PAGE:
Hotel Dusk: Room 215 is an adventure game that’s so hard-boiled you could serve it with a side of toast.
Set in the ’70s, you are Kyle Hyde: a disgruntled salesman who works for a company called “Red Crown.” Three years ago, Hyde was a detective for the LA police department who was forced to confront his former partner, Bradley, for doing…something; the game doesn’t really tell you at first. Since Hyde blows a hole in his chest, I’m assuming Bradley either killed his girlfriend or stole his Star Trek DVDs, both very heinous crimes. Afterwards, he left the police force and joined up with Red Crown as a salesman with a weird side job: He gets paid to find lost items. I’m not sure someone could make a living off finding lost keys; it sounds like something his boss said when Hyde asked for his performance review.
Anyways, he’s ordered to drive to Hotel Dusk, a crappy hotel on the outskirts of Los Angeles, to find a mysterious box. When he arrives, he starts discovering clues that rekindle his detective instincts, and starts delving into the building’s shady past.
When Kyle heard that Bradley lied about liking The Walking Dead,
Kyle didn’t take it so well.
OK, so the game’s story sounds like every single detective cliché put in a blender with the music video for “Take on Me,” but it’s much better than that, honest. I can’t reveal too much, it being a mystery story and all, but I can say that it’s a surprisingly well-written tale based off of a very worn-out genre. The conversations between the characters feel natural and appropriate for the time period; they call a gun a “piece” and money “scratch.” It amazes me that this is a Japanese game, because most of the time, Japan’s view on America is not very accurate (*cough*Metal Wolf Chaos*cough*). Yeah, it dances along cliché, but it’s done so straight faced and so well that it doesn’t matter.
The characters really shine through in this game. Kyle starts off as your standard rough-bitter detective guy; he drinks scotch, he monologues whenever he has a moment alone, and he drops one-liners like Marlon Brando if he had fortune cookie papers taped to the brim of his hat. But the game goes further and really builds up his hopes and fears, which all nicely wrap around his main goal: finding out why Bradley betrayed him all those years ago. Without going into spoilers, all of the characters have intricate back-stories and compelling reasons to be at that hotel. My favorite one is Melissa, a little girl who runs away from her neglective father, who at first sweeps the “worst brat” awards. But she grows into a mature young lady who should be referenced in design textbooks under “how to make children characters.”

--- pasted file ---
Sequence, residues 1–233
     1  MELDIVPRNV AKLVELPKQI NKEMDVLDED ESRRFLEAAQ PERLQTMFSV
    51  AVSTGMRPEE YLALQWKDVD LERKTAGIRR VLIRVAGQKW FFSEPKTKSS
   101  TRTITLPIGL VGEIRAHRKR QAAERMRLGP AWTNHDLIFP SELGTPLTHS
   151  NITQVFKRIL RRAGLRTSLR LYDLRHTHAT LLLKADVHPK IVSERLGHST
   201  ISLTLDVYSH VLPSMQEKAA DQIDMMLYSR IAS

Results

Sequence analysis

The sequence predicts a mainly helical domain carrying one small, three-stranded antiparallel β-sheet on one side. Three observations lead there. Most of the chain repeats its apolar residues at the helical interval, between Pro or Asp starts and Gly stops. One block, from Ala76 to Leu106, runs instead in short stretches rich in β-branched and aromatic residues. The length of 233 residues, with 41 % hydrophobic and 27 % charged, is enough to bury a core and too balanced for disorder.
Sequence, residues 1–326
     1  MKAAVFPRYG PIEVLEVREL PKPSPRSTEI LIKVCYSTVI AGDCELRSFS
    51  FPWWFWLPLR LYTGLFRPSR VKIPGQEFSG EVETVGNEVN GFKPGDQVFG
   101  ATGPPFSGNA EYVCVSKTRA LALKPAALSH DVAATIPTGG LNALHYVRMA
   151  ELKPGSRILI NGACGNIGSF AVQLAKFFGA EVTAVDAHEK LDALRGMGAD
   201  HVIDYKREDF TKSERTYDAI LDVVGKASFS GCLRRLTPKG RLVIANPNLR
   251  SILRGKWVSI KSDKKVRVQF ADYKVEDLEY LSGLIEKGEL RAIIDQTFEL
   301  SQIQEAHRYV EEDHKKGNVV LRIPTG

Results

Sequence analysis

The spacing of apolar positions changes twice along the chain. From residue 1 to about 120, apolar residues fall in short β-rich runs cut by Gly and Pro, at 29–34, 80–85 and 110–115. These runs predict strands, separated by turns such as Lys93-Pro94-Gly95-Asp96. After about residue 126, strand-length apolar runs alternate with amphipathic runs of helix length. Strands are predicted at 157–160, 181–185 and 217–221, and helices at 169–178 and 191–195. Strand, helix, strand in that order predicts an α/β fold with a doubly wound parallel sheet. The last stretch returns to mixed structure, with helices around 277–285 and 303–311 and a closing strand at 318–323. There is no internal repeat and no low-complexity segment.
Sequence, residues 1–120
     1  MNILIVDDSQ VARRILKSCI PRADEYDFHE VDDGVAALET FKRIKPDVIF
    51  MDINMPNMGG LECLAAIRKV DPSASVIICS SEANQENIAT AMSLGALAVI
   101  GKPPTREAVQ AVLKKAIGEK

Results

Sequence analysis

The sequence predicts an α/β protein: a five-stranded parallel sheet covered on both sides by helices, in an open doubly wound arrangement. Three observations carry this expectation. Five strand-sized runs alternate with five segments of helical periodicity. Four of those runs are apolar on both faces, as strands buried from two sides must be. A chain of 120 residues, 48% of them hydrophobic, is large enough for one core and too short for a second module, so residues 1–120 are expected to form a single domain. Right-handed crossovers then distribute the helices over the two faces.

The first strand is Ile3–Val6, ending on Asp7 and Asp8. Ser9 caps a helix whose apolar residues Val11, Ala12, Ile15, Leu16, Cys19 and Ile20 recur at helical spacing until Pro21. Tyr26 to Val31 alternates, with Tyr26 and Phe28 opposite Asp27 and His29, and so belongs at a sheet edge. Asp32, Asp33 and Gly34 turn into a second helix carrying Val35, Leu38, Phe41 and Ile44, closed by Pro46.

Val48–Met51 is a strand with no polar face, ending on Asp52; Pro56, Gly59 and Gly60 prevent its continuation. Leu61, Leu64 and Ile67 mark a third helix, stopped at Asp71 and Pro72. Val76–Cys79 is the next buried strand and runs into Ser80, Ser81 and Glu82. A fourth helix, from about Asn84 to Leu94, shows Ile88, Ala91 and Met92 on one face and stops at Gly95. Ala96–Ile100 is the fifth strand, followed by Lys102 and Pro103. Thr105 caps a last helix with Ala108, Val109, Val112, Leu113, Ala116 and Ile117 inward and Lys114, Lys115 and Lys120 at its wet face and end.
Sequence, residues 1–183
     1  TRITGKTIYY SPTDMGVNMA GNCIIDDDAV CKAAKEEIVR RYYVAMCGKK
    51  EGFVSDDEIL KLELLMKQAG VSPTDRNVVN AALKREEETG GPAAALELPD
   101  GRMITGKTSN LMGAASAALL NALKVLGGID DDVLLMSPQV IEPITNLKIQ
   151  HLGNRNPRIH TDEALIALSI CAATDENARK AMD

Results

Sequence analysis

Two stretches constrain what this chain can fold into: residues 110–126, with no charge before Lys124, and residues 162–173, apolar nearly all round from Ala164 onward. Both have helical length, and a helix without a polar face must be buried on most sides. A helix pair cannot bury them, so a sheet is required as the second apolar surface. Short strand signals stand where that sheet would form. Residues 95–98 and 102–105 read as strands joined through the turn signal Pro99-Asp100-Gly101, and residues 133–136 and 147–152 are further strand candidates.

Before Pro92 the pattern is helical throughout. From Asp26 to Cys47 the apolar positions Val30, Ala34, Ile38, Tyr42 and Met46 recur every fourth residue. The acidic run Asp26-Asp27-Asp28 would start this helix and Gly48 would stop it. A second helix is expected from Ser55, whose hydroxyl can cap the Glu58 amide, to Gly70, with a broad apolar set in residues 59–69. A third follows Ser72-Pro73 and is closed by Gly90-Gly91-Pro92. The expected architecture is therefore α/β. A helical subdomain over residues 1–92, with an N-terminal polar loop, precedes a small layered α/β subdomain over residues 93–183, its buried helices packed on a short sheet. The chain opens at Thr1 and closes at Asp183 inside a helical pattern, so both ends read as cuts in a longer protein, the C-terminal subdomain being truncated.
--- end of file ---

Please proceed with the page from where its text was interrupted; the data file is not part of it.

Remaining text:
Kyle Hyde’s dating tips: You find the hottest girls
walking on a highway alone.
If nothing else, Hotel Dusk gets points for originality in its use of the DS hardware. The puzzles are basically unique exercises in what you can do with the DS screens, like looking on the back of a jigsaw puzzle by closing and opening the DS, or using the stylus to pick a lock. It’s pretty cool and very satisfying when you figure the puzzles out, which can make or break an adventure game. The game also switches between the walking view and an investigative view, where you can move the scene around and check items at your own pace, and it feels very intuitive.
Sometimes the game will give you information that you need to remember, so Kyle provides you with his notebook, in which you can draw penises record important dates or secret codes.
Here’s the big problem with the game: It’s a graphic novel with puzzles. “Well, isn’t that what an adventure game is?” No, shut up. I’m doing the review here, not you. Go sit in the corner and think about what you did.
The problem is that there’s so much text that half of your game will be hitting the “next” button until either the character is done talking, or your eyes start to bleed. Remember those puzzles I was talking about before? Those are two of the maybe five puzzles that require actual skill to complete; everything else is chatting. Kyle uncovers some evidence, you confront somebody, and they spew out their life story like they’re trying to pitch it as a movie to you.
But Kyle does look like a bad-ass detective
version of me, so I’ll let it slide.
Another complaint I have is that the game is a harsh mistress. I’m going to put this in bold so it sticks: SAVE THE GAME OFTEN. Like, after every conversation, if you can. If you mess up certain puzzles, or say the wrong thing to certain guests, they’ll refuse to talk to you and the game will be over, forcing you to reload your last save. Here’s the worst part: The dialogue can’t be skipped, meaning you’ll have to spend another goddamn hour listening to that annoying brat whine about how drunk her dad is until you want to drop kick her into the nearest chimney.
But despite those problems (believe me, there are a lot of problems), I really like Hotel Dusk. It’s the same reason I like Harvest Moon: It’s one of those games that you play at a slower pace, to mix it up after shooting a group of terrorists in another brown-gray “realistic” game. It’s sort of like an omelet; it’s got well-cooked ham and delectable cheese, but some asshole left some shell pieces in there. And I hate shell pieces in my eggs. But you eat around them because your girlfriend made it for you. And apart from the occasional crunch that has you contemplate homicide, it’s actually quite good.
What, nobody else has had that problem? Bollocks.
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